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Efficiency tips for coaches: What can you do to work more efficiently?
Did you ever find yourself over-scheduled or forgetting about important events or tasks? Coaches have to juggle many different kinds of tasks, meetings, and events as well as family and personal responsibilities. Not having a reliable method to organize things often leads to over-scheduling and other inefficiencies that not only prevent us from doing a good job but make us look unprofessional in the eyes of parents and athletes. In my 30-year coaching career I was frequently on the lookout for applications and methods that could help me organize my time more efficiently and help me be more productive.
Planning and communicating effectively are critical to getting everything done that needs doing. We should always be looking for better, easier ways to take care of administration, planning, and project management. And while everyone has to find methods that work for them there are some general principles we should all be aware of. Here are a few tips that will help anyone become more efficient at what they do:
Use one calendar for everything
If you are currently using multiple calendars to keep track of appointments, goals, or special projects then you're life is, or soon will be, a complicated mess. Today we use wall calendars, desktop calendars, diary books, mobile phone apps, computer software, and other ways of 'calendering' important items of our lives. All of them work. The problem is they just don't work together.
Experts agree that one calendar is best. Your personal life, business, work, hobbies, travel etc. should all be tracked on one calendar, thus making it easy to schedule and find everything in one place. More importantly it makes it hard to miss things, which is very easy to do if tasks and events are spread out over several different calendars.
Calendar recommendation: Many calendar apps are available. Pick one you like and will use that works on your desktop and mobile phone. I recommend Google calendar. It's easy to use and allows collaboration and sharing. You will be able to create virtual calendars for personal events and any other categories you need while keeping everything in one place. Desktop and mobile apps are synced so you know you are seeing the latest info no matter where you are.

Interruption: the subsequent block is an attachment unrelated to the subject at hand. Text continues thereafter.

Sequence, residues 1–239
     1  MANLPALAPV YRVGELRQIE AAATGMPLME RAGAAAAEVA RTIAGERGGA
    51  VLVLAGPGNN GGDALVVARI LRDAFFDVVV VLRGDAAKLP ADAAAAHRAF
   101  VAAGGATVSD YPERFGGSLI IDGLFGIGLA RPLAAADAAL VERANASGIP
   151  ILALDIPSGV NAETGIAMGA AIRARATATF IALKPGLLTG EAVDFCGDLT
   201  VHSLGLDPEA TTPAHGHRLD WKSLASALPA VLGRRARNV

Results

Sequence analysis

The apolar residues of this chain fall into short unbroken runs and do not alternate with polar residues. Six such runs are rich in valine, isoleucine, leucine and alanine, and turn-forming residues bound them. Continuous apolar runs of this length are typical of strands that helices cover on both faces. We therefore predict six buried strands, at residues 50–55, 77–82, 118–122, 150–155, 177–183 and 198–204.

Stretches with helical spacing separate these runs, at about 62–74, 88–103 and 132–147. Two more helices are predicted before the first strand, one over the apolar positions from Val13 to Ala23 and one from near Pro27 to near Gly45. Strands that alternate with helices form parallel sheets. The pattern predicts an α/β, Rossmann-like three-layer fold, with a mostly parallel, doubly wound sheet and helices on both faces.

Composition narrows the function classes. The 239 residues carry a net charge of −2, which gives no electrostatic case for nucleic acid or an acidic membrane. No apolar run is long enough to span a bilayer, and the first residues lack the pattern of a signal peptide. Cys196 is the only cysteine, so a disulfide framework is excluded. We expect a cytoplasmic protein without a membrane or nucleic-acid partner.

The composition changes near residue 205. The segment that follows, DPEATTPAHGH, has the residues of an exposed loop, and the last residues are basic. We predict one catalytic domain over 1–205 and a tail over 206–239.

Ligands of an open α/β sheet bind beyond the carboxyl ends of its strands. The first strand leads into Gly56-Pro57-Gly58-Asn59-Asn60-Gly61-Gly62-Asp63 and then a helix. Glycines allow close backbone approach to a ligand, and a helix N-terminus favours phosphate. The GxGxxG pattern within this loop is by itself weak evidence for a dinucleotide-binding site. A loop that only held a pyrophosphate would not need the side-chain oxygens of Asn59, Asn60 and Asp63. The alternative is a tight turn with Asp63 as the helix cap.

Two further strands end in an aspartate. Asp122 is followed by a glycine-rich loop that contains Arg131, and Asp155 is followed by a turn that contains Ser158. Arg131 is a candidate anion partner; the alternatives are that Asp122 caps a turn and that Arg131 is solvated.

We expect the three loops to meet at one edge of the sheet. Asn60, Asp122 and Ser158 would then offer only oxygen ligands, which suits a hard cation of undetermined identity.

Use a password manager
We need passwords for a lot of things we do online and the bother of creating -- and remembering! -- them gives rise to diminished security. Reusing passwords or creating simple but easily guessed ones are common reactions to dealing with unneeded security for an annoying array of mundane online tasks. But reused passwords may inadvertently give access to real and important information on some other site or account.
How to deal with this? Easy. A password manager.
If you've never used a password manager now is the time to start. They work, they're simple, and most of them require you to remember only one master password. Set it up properly and you'll be able to create and use secure passwords for all your online sites and accounts and never have to remember any of them. With better passwords everything you do or store online will be far more secure.
Password manager recommendation: My favorite is LastPass for desktop and mobile. Try it or find one that you like, but find one!
What is your phone number?
Do you have more than one? Do you have more than one phone? Do you really need them? Think about it. The argument might be that we have a number (or phone) for personal use and one for business or work. But nowadays this doesn't really make any sense. It used to be that a phone number was a way for people to get in touch with you indirectly, they called your home or office and asked to speak to you. Sometimes you weren't there and they left a message or called back. Today this is unnecessary. A phone number is a way to contact you directly, and you alone.
Do your colleagues call your office anymore? Or your school when they want to speak with you? Of course not! They call you. Most of us, if we are honest about it only need one phone number. Businesses are different and may still need a phone line. But if I want to talk to someone I work with I just call them directly.
Think carefully about whether you need multiple phone numbers or whether you need to carry more than one phone.
And what about email addresses?
Email addresses pose a slightly different problem which I discuss in another article. You can read it by clicking here.
Bill Price (firstname.lastname@example.org) is the owner and Chief Data Scientist at Sportkid Metrics.